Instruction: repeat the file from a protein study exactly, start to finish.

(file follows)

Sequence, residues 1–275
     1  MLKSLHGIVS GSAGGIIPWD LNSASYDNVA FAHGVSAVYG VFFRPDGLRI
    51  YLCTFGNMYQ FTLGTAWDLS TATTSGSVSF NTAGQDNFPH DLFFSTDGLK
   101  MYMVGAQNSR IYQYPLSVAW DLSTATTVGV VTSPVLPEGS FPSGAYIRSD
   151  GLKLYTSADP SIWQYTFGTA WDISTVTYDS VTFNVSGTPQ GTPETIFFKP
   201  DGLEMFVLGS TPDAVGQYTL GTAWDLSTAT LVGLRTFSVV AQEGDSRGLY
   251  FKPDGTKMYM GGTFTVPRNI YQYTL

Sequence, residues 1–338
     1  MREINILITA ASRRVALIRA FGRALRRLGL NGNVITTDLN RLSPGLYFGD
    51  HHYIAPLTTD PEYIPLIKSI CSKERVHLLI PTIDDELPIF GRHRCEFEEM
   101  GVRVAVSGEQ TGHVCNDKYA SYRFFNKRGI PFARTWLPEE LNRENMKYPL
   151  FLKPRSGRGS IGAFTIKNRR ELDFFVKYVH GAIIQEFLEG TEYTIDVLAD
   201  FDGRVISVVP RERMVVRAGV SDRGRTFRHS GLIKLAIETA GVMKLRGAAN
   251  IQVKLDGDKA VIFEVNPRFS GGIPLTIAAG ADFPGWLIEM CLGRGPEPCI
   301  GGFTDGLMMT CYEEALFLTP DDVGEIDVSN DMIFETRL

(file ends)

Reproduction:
Sequence, residues 1–275
     1  MLKSLHGIVS GSAGGIIPWD LNSASYDNVA FAHGVSAVYG VFFRPDGLRI
    51  YLCTFGNMYQ FTLGTAWDLS TATTSGSVSF NTAGQDNFPH DLFFSTDGLK
   101  MYMVGAQNSR IYQYPLSVAW DLSTATTVGV VTSPVLPEGS FPSGAYIRSD
   151  GLKLYTSADP SIWQYTFGTA WDISTVTYDS VTFNVSGTPQ GTPETIFFKP
   201  DGLEMFVLGS TPDAVGQYTL GTAWDLSTAT LVGLRTFSVV AQEGDSRGLY
   251  FKPDGTKMYM GGTFTVPRNI YQYTL

Sequence, residues 1–338
     1  MREINILITA ASRRVALIRA FGRALRRLGL NGNVITTDLN RLSPGLYFGD
    51  HHYIAPLTTD PEYIPLIKSI CSKERVHLLI PTIDDELPIF GRHRCEFEEM
   101  GVRVAVSGEQ TGHVCNDKYA SYRFFNKRGI PFARTWLPEE LNRENMKYPL
   151  FLKPRSGRGS IGAFTIKNRR ELDFFVKYVH GAIIQEFLEG TEYTIDVLAD
   201  FDGRVISVVP RERMVVRAGV SDRGRTFRHS GLIKLAIETA GVMKLRGAAN
   251  IQVKLDGDKA VIFEVNPRFS GGIPLTIAAG ADFPGWLIEM CLGRGPEPCI
   301  GGFTDGLMMT CYEEALFLTP DDVGEIDVSN DMIFETRL